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Reintroductions are important tools for the conservation of individual species, but recently more attention has been paid to the restoration of ecosystem function, and to the importance of carrying out a full risk assessment prior to any reintroduction programme. In much of the Highlands of Scotland, wolves (Canis lupus) were eradicated by 1769, but there are currently proposals for them to be reintroduced. Their main wild prey if reintroduced would be red deer (Cervus elaphus). Red deer are themselves a contentious component of the Scottish landscape. They support a trophy hunting industry but are thought to be close to carrying capacity, and are believed to have a considerable economic and ecological impact. High deer densities hamper attempts to reforest, reduce bird densities and compete with livestock for grazing. Here, we examine the probable consequences for the red deer population of reintroducing wolves into the Scottish Highlands using a structured Markov predator-prey model. Our simulations suggest that reintroducing wolves is likely to generate conservation benefits by lowering deer densities. It would also free deer estates from the financial burden of costly hind culls, which are required in order to achieve the Deer Commission for Scotland's target deer densities. However, a reintroduced wolf population would also carry costs, particularly through increased livestock mortality. We investigated perceptions of the costs and benefits of wolf reintroductions among rural and urban communities in Scotland and found that the public are generally positive to the idea. Farmers hold more negative attitudes, but far less negative than the organizations that represent them.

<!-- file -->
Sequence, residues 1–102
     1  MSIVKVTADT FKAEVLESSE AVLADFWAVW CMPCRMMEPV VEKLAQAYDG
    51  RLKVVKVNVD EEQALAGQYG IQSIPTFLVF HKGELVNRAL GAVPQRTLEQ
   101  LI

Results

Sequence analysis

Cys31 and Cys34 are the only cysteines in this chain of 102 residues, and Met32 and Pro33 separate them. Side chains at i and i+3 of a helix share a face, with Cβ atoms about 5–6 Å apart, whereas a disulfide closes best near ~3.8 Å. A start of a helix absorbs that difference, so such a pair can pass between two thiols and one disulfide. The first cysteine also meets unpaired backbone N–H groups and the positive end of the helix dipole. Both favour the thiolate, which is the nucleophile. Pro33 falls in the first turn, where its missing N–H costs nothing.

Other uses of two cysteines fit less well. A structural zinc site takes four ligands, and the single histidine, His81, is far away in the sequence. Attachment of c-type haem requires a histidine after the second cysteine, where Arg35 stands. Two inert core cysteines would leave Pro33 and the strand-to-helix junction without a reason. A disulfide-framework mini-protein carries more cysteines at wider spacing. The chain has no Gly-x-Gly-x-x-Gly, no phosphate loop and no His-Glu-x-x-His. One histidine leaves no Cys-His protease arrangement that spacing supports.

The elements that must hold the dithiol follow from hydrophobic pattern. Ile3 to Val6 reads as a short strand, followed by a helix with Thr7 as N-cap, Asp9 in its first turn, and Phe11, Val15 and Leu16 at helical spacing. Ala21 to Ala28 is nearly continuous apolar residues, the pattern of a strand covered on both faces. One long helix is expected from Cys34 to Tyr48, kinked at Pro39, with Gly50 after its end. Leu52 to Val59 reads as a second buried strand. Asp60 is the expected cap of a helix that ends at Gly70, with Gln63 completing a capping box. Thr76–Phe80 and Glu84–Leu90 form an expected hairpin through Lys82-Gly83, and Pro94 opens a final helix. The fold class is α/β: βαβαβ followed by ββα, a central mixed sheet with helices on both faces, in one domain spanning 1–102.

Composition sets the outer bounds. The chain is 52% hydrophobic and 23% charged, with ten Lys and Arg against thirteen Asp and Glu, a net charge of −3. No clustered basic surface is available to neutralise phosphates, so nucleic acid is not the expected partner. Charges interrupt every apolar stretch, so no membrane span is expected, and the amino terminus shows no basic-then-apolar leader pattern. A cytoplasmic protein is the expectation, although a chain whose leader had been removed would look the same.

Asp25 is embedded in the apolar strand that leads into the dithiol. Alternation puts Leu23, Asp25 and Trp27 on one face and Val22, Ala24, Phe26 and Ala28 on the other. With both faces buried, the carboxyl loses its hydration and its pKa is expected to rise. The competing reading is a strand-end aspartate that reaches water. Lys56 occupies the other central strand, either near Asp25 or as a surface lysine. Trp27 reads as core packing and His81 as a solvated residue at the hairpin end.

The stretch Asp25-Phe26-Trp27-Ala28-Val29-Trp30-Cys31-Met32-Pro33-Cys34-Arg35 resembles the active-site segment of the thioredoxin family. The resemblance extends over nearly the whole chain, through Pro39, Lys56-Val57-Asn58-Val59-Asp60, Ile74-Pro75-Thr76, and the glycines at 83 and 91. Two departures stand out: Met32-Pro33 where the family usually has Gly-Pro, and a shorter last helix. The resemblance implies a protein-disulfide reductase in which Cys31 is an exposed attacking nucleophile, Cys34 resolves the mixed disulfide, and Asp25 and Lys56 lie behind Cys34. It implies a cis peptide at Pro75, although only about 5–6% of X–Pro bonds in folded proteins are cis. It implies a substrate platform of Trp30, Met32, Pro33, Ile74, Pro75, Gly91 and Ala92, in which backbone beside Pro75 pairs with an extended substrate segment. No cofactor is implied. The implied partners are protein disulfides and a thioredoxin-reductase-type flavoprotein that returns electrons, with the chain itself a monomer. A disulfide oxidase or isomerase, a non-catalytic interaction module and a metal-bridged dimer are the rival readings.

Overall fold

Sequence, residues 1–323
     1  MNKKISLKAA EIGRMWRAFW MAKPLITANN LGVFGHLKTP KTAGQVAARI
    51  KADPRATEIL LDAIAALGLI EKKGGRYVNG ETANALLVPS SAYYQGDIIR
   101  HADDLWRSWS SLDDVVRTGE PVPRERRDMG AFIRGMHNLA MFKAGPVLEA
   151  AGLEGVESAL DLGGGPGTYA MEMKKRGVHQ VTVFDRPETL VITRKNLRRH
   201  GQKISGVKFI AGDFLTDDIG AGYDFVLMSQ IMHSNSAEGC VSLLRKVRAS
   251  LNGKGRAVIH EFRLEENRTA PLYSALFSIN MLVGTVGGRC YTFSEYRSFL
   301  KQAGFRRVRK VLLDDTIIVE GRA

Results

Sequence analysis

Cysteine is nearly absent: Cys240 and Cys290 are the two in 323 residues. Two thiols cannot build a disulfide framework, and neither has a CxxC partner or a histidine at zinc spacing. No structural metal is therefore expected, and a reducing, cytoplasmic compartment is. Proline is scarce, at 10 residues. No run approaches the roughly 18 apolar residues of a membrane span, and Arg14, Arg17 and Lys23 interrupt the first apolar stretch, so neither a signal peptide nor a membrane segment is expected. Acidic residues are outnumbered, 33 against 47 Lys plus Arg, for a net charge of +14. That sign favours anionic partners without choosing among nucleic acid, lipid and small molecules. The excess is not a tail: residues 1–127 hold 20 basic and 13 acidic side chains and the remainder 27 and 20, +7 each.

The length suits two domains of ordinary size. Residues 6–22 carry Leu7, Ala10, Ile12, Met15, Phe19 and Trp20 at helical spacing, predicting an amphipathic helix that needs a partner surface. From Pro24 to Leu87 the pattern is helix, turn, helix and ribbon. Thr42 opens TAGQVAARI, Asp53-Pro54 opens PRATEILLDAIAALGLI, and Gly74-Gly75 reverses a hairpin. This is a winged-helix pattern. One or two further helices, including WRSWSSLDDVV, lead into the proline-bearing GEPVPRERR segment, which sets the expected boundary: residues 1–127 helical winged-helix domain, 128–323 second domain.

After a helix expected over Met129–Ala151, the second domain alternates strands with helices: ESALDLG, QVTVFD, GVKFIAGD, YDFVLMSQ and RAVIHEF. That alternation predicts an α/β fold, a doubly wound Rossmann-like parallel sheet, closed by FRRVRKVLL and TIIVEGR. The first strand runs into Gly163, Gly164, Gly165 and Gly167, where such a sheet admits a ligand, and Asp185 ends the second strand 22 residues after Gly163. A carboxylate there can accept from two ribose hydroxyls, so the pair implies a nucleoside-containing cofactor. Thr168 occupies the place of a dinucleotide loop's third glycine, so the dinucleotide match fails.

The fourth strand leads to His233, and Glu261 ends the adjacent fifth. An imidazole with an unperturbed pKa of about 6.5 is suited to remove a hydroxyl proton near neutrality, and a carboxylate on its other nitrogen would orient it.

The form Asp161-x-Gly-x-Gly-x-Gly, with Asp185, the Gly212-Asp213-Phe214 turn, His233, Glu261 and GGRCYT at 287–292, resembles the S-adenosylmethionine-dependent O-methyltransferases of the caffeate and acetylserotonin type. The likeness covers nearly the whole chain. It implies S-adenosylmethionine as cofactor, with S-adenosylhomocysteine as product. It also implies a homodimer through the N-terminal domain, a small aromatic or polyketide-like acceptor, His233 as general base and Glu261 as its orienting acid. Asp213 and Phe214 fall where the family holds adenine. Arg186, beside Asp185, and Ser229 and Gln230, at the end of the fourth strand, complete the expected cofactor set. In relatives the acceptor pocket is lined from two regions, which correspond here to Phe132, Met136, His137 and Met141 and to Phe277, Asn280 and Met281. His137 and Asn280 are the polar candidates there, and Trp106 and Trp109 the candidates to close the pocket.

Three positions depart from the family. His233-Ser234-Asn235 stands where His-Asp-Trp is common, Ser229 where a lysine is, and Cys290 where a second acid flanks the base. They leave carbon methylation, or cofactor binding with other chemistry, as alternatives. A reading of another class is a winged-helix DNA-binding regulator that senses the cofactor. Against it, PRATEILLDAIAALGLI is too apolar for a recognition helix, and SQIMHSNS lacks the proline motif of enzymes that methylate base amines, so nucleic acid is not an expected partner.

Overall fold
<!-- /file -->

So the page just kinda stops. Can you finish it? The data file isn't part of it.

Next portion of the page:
Original publication

DOI

10.1098/rspb.2007.0038

Type

Journal article

Journal

Proc Biol Sci

Publication Date

07/04/2007

Volume

274

Pages

995 - 1002

Keywords

Animals, Attitude, Conservation of Natural Resources, Deer, Ecosystem, Humans, Models, Biological, Population Dynamics, Risk Assessment, Rural Population, Scotland, Surveys and Questionnaires, Wolves